Berry continues, “Before Martin, several tech-minded people had pitched doing a Tiki app using recipes from the Beachbum Berry books, but I didn’t know them and I didn’t know anything about apps. But I did know Martin, and when he suggested we do an app together I said yes instantly. I supplied the recipes and the drink photos and the historical notes, and he did the rest.”
Building upon the success of Tiki+, the new Total Tiki app offers 70 new recipes as well as organizing the recipes with an attention to historical detail and grouping related recipes in chronological sets to show the evolution of certain drinks through the years.
PDT Cocktails ($9.99)
Launched in March of 2015, the PDT Cocktails app is a perfect companion to Jim Meehan’s 2011 cocktail book of the same name, which chronicled the opening of the multi-award winning cocktail bar PDT in New York. “The goal of the book was to be a snapshot in time. To go back and retouch that photo (edit and rewrite the book) undermines its intrinsic value as a piece of history, and it already weights almost two pounds!,” he explains.
“The app is more like security camera footage: it’s a working document that will reflect what we’re doing today.”
Consequently the app is a living document that provides added value in the form of photos for recipes and ingredients, an easily searchable index, updated house recipes and classics, as well as an additional 100 new recipes from PDT in New York.
Martin’s Index of Cocktails ($9.99)
For those who are curious about the origins of many of the classic drink recipes that are appearing on bar menus across the country, Martin’s Index of Cocktails is an ever expanding resource of over 1600-plus recipes (and growing) from Pre-Prohibition through Prohibition and onwards, meticulously researched and annotated by Martin Doudoroff. A labor of love beginning with the “First Golden Age of the American Bar”, Doudoroff has included recipes from vintage compendiums written by the likes of Jerry Thomas and Harry Craddock, and continues to add more every day.
Full citations are provided for every recipe, so you can trace the origin of each recipe in this collection, as well as the evolution of certain recipes through time. “This is the deep end of the pool,” Doudoroff explains.
“All the recipes in this app are here for a reason, but not every drink is good, let alone bulletproof. Most can be elevated by an experienced hand and careful discretion. You have to think carefully about your choice of ingredients and technique, and tweak or adapt to suit your good taste.”
A snapshot of time, this app is both an extensive collection of vintage recipes as well as a lesson in history.
Two Other Approachable and Affordable Apps
The final two apps were chosen because they excel in simplicity and community. Both have sizeable recipe lists, yet affordable price tags. They succeed in being un-intimidating and welcoming to newbies and veterans alike.
901 Very Good Cocktails ($3.99)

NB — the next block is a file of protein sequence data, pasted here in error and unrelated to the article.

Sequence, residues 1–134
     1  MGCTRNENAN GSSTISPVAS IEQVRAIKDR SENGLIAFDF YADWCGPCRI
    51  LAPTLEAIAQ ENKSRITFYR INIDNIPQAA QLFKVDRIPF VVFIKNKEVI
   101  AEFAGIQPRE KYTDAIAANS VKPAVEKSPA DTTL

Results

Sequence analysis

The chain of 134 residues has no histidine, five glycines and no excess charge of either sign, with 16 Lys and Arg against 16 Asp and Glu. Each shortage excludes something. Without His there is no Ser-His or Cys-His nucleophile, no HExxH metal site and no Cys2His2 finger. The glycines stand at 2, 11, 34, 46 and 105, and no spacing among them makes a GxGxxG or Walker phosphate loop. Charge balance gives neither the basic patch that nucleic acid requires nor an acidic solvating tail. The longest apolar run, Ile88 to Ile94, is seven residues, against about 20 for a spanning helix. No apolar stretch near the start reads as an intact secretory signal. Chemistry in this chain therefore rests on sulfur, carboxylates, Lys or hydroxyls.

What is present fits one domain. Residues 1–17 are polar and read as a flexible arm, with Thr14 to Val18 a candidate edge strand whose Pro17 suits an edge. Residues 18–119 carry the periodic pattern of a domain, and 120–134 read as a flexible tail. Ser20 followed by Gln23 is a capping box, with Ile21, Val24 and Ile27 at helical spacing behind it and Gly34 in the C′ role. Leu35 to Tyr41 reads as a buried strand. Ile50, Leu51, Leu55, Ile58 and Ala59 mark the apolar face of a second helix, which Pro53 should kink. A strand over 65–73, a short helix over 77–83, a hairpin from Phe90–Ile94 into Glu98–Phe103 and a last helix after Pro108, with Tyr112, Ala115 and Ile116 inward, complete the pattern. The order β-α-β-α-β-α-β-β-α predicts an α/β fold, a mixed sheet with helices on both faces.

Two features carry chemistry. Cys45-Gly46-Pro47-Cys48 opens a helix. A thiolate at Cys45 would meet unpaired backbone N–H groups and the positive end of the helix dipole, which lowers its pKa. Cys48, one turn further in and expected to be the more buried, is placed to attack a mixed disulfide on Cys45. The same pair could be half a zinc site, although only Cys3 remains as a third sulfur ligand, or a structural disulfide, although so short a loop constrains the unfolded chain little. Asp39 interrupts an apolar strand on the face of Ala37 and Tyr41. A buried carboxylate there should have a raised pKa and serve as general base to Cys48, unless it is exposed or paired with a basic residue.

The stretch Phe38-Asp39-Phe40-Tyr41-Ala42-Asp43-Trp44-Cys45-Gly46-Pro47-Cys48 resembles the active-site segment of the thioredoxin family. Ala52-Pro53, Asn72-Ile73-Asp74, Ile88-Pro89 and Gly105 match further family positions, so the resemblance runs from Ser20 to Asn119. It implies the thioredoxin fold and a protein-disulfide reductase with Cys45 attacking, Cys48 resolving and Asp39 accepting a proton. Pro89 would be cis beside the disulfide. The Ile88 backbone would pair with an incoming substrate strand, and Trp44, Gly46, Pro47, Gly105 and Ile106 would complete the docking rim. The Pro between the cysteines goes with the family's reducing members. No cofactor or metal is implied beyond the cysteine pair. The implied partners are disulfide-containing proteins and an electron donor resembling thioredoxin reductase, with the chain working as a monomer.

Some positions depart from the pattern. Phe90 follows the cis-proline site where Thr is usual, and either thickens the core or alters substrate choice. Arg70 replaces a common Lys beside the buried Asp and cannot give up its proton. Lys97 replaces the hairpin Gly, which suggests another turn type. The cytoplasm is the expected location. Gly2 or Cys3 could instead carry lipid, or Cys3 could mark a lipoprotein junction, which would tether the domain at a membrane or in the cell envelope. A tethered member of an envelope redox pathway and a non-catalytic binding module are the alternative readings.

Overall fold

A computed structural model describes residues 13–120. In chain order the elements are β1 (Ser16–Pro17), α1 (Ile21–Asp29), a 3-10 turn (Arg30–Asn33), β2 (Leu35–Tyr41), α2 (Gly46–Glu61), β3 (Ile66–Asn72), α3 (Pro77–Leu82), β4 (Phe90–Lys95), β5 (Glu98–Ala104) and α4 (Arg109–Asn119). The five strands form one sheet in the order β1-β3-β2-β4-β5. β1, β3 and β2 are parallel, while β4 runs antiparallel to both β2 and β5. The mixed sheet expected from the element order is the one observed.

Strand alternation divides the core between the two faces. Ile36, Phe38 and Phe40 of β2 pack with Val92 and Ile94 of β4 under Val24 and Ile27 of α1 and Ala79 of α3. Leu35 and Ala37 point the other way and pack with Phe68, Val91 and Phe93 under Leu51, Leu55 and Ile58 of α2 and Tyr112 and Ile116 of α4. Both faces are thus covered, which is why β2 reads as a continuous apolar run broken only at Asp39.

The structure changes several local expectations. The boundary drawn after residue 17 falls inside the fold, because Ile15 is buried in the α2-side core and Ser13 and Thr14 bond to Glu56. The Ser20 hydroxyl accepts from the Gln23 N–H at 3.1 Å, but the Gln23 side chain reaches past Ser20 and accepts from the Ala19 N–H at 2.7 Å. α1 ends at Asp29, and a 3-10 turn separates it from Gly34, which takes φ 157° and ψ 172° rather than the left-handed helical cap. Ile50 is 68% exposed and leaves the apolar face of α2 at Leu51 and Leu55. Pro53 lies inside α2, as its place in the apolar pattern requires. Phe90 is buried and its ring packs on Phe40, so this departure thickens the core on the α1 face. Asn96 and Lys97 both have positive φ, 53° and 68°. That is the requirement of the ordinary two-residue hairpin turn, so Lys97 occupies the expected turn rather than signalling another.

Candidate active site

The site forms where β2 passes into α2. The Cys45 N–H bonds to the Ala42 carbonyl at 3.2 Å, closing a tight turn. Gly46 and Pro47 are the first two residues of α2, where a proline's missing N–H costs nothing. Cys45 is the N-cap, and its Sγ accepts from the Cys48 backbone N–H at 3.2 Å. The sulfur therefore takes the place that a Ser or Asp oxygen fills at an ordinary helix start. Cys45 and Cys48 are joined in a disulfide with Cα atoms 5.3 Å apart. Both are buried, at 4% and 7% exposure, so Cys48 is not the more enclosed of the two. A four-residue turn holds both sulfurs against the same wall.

Launched November of 2014, the 901 Very Good Cocktails app is based on Stew Ellington’s successfully funded Kickstarter book of the same name. An artist and photographer by trade, Ellington taste tested over 1000 cocktails; over the course of his self-education, he compiled a list of 901 “very good cocktails.”
Approached by Scott Stanfield of Vertigo to make an app, together they collaborated on an app that, in Stanfield’s words, could “be easily read from three feet away (so I can scan while mixing) and will tell me what can I make if I have lemons and bourbon.”
These recipes are delicious and approachable to newcomers to the cocktail scene. 901 Very Good Cocktails allows you to find drinks by filtering by ingredients you have on hand, but Ellington insists, “the best way of using the app might just be to lose yourself in the all the fun lists.” A unique feature of the app is the ability to search by whimsical classifications depending on your mood which include the color classifications of “R-G-B,” the irreverent “Pretentious or Annoying”, or the romantic “The Drink to Have When You’re in…Paris/Havana/Florence/etc…”
BarNotes was built with community in mind. Peter Bodenheimer, with partner Brandon Herring, had the seed of the idea back in 2010 at SXSW. “It was inspired by seeing how many patrons were photographing the beautiful cocktails they were ordering in bars,” Bodenheimer recalls, “and the little notebooks that most bartenders use to keep recipe ideas, notes, and other info in. Hence the name.”
Both creators have a background in tech, so it’s no surprise that social sharing plays a big part in the BarNotes app. Users share pictures, recipes, comments, and feedback. While the other apps in this roundup are curated by a single person, this one is built by user recipes and curated into lists by the Bar Notes staff. Users are encouraged to converse with other community members because, says Bodenheimer, “We believe people should drink well and that drinking well is inherently social which is why BarNotes exists!” The app now has a web component, so you can also share links to the recipes and login to the community from the comfort of your desktop.